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Professor

Ronald Metoyer, Ph.D.
metoyer@eecs.oregonstate.edu
Office: 2115 Kelley Engr. Center
Office Hours: M:9-11, Th:3-5
Location: In my office, unless
otherwise posted on the door.

Lectures

M,W,F 12:00-1:00pm

Discussion Forum and Mail Lists

CS 261 Piazza Home

TAs:

Todd Kulesza
kuleszto@eecs.oregonstate.edu
Rec: Th:8:00, W:3:00

Ishneet Dua
duai@eecs.oregonstate.edu
Rec: T: 3:00

Zhangxiang Hu
huz@eecs.oregonstate.edu
Rec: Th: 6pm

Jose Picado
picadolj@eecs.oregonstate.edu
Rec: T:6:00, W: 6:00

Lab Hours

Mon: 5-7pm (Jose)
Tues: 10-12pm (Todd)
Tues: 12-2pm (Ishneet)
Wed: 1-3pm (Ishneet)
Wed: 5-7pm (Todd)
Thurs:10-12(Zhangxiang)
Thurs: 3-5pm (Jose)
Fri: 3-5pm (Zhangziang)

(All lab hours held in KEC 1130 Computer Lab)

Reading


There is no textbook for this class. Instead, we will use a set of class notes provided electronically and for purchase in printed form in the bookstore.

Required Reference The C Programming Language, Kernighan and Ritchie

Official Course Catalog Description


Complexity analysis. Approximation methods. Trees and graphs. File processing. Binary search trees. Hashing. Storage management. ENFORCED PREREQS: CS 162 OTHER PREREQS: MTH 231.

Extended Description


This course covers some of the general-purpose data structures and algorithms. You will implement them as well as understand how to make informed decisions when choosing data structures for your algorithms. Topics covered include managing complexity, abstraction, analysis, vectors, lists, queues, trees, heaps, hash tables maps, and graphs.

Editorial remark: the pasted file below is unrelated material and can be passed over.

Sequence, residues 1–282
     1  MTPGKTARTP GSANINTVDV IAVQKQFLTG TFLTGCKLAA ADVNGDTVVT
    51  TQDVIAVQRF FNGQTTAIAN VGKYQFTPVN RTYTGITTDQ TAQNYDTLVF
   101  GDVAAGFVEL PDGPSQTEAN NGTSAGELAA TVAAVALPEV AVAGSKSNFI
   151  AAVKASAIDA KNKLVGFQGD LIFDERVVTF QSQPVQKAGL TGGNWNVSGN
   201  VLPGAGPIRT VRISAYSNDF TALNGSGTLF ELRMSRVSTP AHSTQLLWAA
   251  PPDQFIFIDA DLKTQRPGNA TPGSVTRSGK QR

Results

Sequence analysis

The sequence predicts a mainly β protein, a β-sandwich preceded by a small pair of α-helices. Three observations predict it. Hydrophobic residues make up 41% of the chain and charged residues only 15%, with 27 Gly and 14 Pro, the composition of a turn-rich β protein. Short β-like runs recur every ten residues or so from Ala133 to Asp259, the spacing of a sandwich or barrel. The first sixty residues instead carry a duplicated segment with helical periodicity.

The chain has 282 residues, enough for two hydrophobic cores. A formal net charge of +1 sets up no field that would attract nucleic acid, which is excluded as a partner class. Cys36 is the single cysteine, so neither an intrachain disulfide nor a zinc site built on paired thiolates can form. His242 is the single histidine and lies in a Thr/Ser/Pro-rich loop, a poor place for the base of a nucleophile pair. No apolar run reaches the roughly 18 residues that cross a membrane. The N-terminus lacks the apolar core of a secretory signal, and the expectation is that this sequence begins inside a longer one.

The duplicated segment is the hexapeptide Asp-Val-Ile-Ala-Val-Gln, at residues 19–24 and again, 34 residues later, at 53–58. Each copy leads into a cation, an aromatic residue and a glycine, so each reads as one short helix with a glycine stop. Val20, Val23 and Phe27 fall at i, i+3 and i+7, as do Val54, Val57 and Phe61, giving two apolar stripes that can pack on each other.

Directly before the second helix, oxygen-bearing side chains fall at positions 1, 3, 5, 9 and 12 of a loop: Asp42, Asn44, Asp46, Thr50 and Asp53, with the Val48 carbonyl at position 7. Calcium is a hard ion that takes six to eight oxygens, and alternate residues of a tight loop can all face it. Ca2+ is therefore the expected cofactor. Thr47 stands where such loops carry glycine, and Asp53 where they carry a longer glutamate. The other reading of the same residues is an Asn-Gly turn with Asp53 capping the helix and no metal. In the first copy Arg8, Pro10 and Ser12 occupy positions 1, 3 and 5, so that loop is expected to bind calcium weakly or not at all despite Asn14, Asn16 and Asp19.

Course Learning Objectives


At the completion of this course, students will be able to ...
  1. describe the properties, interfaces, and behaviors of basic abstract data types, such as collection, bag, indexed collection, sorted collection, stack, and queue.
  2. read an algorithm or program code segment that contains iterative constructs and analyze the asymptotic time complexity of the algorithm or code segment.
  3. state the asymptotic time complexity of the fundamental operations associated with a variety of data structures, such as vector, linked list, tree, and heap.
  4. recall the space utilization of common data structures in terms of the long-term storage needed to maintain the structure, as well as the short-term memory requirements of fundamental operations, such as sorting.
  5. design and implement general-purpose, reusable data structures that implement one or more abstractions.
  6. compare and contrast the operation of common data structures (such as linear structures, priority queues, tree structures, hash tables, maps, and graphs) in terms of time complexity, space utilization, and the abstract data types they implement .